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Record-High Cape Fear River Floods Fayetteville, North Carolina, After Hurricane Florence

Rural Areas Suffer Extensive Damage, Official Says
September 19, 2018
The Cape Fear River crested at a record high in Fayetteville, North Carolina, causing flooding in the area. Credit: CoStar Group Inc.

The Cape Fear River, the largest waterway in Fayetteville, North Carolina, crested at an historic high, causing major flooding through sections of the city and posing its biggest risk to property in the days after Hurricane Florence.

The Eastside Green Apartments, the Cape Fear Botanical Garden and the Fayetteville Police Department Training Center were among the areas where flooding surged through property after the river crested at a record 61.58 feet.

Fayetteville, the state's sixth-largest city, is 90 miles west of where Hurricane Florence made landfall as a Category 1 storm on Sept. 14, in Wilmington, North Carolina. Floodwaters in the landfall area devastated seaside Wilmington, prompting officials to close all roads east of Fayetteville and Cumberland County.

The flooding in Fayetteville is particularly significant for the U.S. commercial real estate industry because it provides a look at the type of damage that can occur from a hurricane that slows down over land, resulting in far more destruction from flooding days after landfall than from wind as it strikes.

 Read More CoStar Coverage of Hurricane Florence 

While Fayetteville flooded, officials in Wilmington, 90 miles east, extended its curfew by two hours on Wednesday. While the city where Hurricane Florence made landfall has been under a curfew since the storm hit, Wilmington officials told residents to stay indoors from 10 p.m. to 6 a.m. until further notice. Officials are reporting about 46,000 power outages, down from 114,000 at the height of the hurricane, said Jessica Loeper, a spokeswoman for New Hanover County.

Officials have cleared a few small roads into Wilmington, but they’re reserved for emergency vehicles and storm personnel. Crews are still assessing damage and may not know for a few more days when full access to Wilmington can be restored, Loeper said.

There are three distribution sites in Wilmington providing residents with water and meals ready to eat.

“We’re really in the recovery phase now,” Loeper said. “We’ve had an overwhelming feeling of support. People really do want to be there for their neighbor, and that’s really powerful to see."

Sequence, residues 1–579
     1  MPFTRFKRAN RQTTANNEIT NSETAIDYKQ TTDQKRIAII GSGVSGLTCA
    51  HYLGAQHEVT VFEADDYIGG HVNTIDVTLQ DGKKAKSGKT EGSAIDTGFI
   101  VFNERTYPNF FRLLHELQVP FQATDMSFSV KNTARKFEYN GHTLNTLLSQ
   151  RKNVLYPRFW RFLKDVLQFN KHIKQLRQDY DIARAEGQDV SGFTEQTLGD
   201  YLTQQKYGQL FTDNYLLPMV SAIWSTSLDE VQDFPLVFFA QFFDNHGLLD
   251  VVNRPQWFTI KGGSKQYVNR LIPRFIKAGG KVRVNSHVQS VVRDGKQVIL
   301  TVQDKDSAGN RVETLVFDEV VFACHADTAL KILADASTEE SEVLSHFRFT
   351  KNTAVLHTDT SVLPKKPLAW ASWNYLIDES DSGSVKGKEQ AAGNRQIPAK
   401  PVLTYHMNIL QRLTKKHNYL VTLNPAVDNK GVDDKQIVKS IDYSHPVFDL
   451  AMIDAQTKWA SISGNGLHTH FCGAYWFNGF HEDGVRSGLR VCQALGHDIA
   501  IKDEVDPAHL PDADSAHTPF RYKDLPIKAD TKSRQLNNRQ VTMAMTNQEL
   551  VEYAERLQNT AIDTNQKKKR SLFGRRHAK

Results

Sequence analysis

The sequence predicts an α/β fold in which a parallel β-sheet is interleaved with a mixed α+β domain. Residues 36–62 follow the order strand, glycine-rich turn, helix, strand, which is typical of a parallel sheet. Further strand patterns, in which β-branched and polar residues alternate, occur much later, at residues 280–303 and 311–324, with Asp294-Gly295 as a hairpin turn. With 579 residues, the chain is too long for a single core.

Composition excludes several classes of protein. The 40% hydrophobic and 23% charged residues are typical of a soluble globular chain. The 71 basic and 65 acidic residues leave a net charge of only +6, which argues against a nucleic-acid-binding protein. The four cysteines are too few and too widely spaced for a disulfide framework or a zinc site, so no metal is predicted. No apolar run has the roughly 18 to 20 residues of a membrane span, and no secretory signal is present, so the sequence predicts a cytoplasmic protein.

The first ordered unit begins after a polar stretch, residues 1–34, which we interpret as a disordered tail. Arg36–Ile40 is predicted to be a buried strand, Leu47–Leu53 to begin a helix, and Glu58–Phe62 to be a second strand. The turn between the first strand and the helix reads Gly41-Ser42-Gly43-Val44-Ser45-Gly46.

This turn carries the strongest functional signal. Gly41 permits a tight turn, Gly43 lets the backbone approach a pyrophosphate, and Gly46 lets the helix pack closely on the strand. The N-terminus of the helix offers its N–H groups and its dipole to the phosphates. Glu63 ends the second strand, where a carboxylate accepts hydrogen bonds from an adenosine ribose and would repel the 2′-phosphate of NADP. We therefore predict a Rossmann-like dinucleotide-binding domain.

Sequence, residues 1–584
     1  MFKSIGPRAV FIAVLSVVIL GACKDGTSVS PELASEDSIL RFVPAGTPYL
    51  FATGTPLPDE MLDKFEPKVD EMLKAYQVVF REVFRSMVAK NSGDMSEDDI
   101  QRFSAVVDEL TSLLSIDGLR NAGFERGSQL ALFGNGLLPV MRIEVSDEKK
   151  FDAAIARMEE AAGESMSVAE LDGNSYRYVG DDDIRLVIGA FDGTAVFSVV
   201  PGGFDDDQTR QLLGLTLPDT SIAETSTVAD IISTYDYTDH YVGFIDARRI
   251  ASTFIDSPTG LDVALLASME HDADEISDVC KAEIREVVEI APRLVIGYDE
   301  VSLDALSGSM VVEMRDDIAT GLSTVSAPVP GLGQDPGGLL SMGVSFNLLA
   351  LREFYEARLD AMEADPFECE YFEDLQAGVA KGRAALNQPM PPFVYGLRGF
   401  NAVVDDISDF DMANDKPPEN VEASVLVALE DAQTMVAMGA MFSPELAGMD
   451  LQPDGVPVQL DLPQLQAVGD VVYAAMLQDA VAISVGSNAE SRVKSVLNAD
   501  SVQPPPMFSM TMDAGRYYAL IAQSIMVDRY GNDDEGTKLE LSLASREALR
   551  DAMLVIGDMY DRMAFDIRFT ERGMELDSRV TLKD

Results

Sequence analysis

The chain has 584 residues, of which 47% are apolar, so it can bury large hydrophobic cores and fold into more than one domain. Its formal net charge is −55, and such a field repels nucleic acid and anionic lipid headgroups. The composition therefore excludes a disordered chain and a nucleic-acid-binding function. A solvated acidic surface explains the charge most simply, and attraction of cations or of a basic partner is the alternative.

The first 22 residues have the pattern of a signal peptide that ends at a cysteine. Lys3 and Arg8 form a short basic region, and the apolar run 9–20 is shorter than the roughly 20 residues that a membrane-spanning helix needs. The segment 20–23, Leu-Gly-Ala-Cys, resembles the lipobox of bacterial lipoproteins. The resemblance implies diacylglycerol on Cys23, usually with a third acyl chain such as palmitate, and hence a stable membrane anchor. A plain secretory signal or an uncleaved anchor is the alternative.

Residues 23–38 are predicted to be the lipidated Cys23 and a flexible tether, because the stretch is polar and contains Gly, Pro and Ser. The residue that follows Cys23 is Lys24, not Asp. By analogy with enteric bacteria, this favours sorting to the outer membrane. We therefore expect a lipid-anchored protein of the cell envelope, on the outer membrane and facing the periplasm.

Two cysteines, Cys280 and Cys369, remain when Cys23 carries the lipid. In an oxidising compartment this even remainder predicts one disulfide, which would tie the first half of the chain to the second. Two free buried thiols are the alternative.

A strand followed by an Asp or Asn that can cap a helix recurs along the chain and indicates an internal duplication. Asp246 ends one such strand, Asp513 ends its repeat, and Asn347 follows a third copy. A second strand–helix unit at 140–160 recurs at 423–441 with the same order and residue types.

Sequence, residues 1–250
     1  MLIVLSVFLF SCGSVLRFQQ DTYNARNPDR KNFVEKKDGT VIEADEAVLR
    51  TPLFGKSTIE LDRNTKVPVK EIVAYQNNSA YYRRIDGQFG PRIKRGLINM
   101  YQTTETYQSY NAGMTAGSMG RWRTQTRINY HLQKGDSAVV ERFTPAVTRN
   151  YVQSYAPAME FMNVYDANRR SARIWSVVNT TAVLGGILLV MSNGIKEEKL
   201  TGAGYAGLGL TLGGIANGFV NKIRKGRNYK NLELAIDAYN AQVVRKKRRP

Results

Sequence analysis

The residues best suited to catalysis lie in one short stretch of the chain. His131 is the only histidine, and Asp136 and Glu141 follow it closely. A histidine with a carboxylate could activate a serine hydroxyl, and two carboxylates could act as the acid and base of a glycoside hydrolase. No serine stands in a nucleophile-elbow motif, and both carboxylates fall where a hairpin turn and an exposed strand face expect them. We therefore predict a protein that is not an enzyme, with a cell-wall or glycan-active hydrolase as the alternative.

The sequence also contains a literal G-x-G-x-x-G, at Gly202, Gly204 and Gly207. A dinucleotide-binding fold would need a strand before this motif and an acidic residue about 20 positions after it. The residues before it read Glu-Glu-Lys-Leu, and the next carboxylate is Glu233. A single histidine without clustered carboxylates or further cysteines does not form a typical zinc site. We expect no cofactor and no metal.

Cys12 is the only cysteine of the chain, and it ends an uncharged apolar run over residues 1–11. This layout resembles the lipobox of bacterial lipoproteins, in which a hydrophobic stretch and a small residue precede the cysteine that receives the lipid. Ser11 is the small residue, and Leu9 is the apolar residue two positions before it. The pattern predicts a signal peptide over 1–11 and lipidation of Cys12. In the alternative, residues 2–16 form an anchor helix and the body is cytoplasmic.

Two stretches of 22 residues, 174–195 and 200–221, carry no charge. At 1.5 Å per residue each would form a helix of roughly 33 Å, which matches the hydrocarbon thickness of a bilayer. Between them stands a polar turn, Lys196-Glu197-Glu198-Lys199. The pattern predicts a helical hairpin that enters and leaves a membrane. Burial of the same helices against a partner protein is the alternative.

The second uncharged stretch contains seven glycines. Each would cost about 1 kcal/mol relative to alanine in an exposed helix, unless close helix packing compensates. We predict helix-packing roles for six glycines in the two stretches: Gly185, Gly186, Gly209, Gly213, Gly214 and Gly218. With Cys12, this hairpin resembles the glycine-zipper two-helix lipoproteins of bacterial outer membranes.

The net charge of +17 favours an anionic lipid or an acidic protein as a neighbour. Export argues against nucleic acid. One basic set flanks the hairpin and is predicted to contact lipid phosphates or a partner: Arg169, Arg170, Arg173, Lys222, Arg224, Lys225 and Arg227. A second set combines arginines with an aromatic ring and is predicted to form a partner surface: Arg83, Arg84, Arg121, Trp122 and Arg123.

Gene Booth, Cumberland’s emergency management coordinator, told CoStar News that “we’re very fortunate and blessed” that most of Fayetteville, a city of 200,000 people, was spared catastrophic damage that occurred in Wilmington and in the rural areas outside Fayetteville.

While most of the downtown buildings were spared in Fayetteville, flooding from the Little River destroyed homes and businesses in the northwestern part of Cumberland County, according to Booth.

“It’s going to be quite a while for recovery in that area,” he said.

As of 8 p.m. Tuesday, officials had rescued 134 people from floodwaters across Fayetteville and Cumberland. A body was reported in the Cedar Creek community off Tabor Church Road in Fayetteville. A sheriff's spokesman said the water was still too high in the area late Wednesday for rescue workers to get there.

Officials closed the Person Street Bridge over the Cape Fear River. Also closed were sections of Interstate 95 from exits 13 to 81 and at the Highway 59 - Parkton Road intersection near the town of Hope Mills.

“We were concerned about people’s well-being," said Nathan Walls, a spokesman for the city of Fayetteville. "Hurricane Matthew [in 2016] was a very high level for the Cape Fear River, and this was higher than that.”

Paul Owers, in Fayetteville, North Carolina  CoStar Group   
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